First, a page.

An Open Letter To Drivers
Over 40 million Americans, young and old, want to bicycle on public roads. Sadly, many are afraid to do so, in large part because drivers sometimes squeeze past them too closely. Even though most drivers don’t mean any harm, this frightening and illegal behavior has scared millions of bicyclists off the roads. Please remember that the laws in every state require that “Drivers shall pass at a safe distance & reasonable speed.” (Va. DMV)
Almost everyone has forgotten that when there isn’t safe space for passing, then bicyclists should use the whole vehicle lane, and motorists wait their turn. Please understand that, no matter how we feel about it, every person has a fundamental civil right to equal access, and safe passage, on public roads. This is, and has always been, the law: “Every person riding a bicycle shall have all of the rights and all of the duties applicable to other drivers.”
Please note that when bicyclists squeeze over to the right, they end up squeezed between hazards, sliding on sand or debris, or colliding with parked car doors. That is why, bikelane or not, in most states the ride-right rule for bicyclists has always been: “ride to the right *EXCEPT* when passing, turning left, or to avoid objects, parked cars, moving vehicles, pedestrians, animals, surface or other hazards; or when in a vehicle lane too narrow for a bicycle and another vehicle to pass safely, side by side, within the lane.”
Safe bicyclists will politely *merge* left and ride nearer the center of a vehicle lane, instead of squeezing next to hazards — just as any safe driver would do. Some may think this unsafe: but please note that there is only one general rule in the law for safe bicycling, and it instructs that safe bicyclists behave the same as safe drivers:
“Every person riding a bicycle shall have all of the rights and all of the duties applicable to other drivers.”
So please remember: whether in a bikelane, crosswalk, or not, squeezing past scares people. Please keep a safe distance when passing bicyclists and pedestrians, no matter where they are on the road. If you can’t pass safely, please wait. The law has always required that we share public roads equally, and safely, with everyone.
Bicyclists, in turn, must understand that *they* can do the most to make themselves safer, and more respected. Millions of bicyclists manage to ride in traffic every day, year after year, without collision or trouble. Many are Cooperative Cyclists, who have learned to use all the rules of the road to politely cooperate with other drivers: not only to signal, but to politely merge, yield, change lanes, use lights at night — all the rules. They are rarely squeezed past, and studies show that they are far safer than other cyclists — as safe as drivers overall.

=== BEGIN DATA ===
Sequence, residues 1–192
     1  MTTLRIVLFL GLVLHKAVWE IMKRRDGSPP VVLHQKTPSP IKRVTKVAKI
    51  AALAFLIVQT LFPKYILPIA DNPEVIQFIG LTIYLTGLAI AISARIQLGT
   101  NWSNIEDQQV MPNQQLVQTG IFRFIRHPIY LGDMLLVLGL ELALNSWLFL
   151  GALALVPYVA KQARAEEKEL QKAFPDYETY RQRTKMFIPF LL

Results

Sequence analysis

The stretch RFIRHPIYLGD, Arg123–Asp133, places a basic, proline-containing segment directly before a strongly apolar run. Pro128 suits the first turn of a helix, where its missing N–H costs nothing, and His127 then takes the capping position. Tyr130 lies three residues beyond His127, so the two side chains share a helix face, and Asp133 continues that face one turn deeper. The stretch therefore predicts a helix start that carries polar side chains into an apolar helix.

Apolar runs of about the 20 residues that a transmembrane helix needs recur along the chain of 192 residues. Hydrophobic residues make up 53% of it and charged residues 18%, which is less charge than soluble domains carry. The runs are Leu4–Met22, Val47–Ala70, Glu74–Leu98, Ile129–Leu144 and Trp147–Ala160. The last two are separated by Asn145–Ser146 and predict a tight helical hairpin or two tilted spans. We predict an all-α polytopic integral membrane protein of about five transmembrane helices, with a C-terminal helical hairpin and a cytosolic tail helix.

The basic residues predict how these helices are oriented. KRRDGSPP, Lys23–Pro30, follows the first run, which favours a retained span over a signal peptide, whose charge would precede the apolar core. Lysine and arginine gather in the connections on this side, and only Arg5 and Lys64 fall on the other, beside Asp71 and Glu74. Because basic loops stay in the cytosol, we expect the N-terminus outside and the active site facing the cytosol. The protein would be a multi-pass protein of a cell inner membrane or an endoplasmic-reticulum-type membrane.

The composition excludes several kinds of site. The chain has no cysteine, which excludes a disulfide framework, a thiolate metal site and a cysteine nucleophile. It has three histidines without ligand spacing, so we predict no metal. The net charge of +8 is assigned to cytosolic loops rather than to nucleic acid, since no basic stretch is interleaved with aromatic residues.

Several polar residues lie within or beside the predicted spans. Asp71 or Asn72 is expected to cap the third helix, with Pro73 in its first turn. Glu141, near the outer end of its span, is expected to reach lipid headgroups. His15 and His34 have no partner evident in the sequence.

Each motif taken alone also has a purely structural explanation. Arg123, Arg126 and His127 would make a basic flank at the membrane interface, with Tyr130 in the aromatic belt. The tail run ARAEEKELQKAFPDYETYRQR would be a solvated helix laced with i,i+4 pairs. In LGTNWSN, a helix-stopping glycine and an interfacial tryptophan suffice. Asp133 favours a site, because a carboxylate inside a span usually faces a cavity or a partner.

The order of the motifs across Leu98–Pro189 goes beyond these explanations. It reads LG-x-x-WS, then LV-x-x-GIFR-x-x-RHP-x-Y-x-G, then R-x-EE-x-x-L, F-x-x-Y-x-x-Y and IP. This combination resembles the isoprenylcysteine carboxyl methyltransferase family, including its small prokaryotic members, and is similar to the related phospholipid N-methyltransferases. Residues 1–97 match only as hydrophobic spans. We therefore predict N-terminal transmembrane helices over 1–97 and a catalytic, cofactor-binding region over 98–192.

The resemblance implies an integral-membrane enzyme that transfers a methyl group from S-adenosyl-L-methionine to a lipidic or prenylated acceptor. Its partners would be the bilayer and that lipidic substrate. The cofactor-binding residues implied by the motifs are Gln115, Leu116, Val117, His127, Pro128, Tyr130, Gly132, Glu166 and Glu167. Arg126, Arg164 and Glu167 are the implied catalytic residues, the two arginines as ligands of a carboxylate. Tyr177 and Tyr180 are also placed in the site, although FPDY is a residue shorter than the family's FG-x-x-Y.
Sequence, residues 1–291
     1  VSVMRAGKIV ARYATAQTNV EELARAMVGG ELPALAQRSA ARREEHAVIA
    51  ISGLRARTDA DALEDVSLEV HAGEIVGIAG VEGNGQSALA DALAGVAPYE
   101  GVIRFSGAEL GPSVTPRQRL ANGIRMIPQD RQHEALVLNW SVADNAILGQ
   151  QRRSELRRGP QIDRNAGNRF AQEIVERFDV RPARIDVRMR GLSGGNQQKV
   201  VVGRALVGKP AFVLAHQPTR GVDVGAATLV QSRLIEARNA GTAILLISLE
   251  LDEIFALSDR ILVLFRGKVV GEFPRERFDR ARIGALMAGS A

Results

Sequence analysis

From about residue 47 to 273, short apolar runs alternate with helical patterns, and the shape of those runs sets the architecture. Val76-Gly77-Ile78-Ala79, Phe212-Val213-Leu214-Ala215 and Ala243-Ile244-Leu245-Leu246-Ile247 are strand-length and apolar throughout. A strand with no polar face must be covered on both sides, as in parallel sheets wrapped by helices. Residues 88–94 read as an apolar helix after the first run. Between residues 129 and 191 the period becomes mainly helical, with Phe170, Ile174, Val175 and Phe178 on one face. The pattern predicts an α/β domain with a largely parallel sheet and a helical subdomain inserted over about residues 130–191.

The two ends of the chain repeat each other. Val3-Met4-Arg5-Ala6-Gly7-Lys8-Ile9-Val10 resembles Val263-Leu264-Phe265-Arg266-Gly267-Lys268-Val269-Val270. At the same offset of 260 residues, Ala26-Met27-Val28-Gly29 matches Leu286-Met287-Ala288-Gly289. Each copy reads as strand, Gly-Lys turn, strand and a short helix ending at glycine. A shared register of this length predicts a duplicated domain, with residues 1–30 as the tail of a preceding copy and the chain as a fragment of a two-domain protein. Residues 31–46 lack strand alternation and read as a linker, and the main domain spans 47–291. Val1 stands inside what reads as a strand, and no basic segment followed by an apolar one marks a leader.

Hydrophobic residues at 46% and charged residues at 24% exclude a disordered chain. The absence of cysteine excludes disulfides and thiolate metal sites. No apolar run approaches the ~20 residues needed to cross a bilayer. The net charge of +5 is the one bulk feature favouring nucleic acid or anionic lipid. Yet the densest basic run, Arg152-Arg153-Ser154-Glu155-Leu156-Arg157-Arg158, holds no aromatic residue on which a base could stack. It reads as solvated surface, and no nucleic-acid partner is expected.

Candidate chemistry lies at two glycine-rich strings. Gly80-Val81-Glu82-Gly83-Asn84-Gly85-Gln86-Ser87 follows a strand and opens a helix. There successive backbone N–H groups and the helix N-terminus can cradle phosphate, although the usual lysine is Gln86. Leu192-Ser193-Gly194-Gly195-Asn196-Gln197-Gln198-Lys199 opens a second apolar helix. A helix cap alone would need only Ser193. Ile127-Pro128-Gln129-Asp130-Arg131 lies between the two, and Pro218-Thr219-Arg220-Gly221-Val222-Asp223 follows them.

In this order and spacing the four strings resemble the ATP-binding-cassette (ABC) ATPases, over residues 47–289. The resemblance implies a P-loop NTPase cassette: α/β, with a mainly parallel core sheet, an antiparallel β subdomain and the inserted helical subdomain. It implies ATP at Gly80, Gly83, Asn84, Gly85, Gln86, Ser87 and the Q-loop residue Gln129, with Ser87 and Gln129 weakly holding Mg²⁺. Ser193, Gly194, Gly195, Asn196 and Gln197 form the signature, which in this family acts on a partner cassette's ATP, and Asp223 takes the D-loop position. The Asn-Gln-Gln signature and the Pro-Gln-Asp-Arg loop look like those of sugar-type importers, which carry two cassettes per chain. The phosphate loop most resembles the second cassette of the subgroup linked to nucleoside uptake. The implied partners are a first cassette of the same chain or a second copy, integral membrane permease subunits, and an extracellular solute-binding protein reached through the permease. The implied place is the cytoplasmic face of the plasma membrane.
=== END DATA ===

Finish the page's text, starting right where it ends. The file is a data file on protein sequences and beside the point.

Police and prosecutors don’t always protect the right of bicyclists and pedestrians to be safe. Sometimes this is because cyclists, overall, tend to act unlawfully. But our laws say we are not responsible for the bad behavior of other people. So please: enforce our common-sense traffic laws fairly, and equally. Please concentrate on individuals who do endanger others: most especially, those who use their vehicle to harass or threaten others, squeeze too close to bicyclists or pedestrians, or ride without lights at night.
Please remember that the roads were not built just for cars: before the car, public roads in the USA were already being paved for bicyclists. Every pedestrian and bicyclist, without exception, has a fundamental civil right to use, be safe, and be protected by the law, on public roads.
Please note that every State Drivers’ Manual recommends that safe practice for motorists is:
“Adjust your speed for blind hills, curves, pedestrians, bicyclists, and slow-moving vehicles.
These conditions make the posted speed limit unsafe. By law, you must drive slower.
It is your responsibility to adjust your driving to assure everyones safety.”
Please remember that this is, and has always been, the law. Thank you for your time and consideration.
Chief J.W. Rittenhouse (Ret.) Charlottesville VA Police
Ms. Lauren Cooper, Professional Bicycle Commuter
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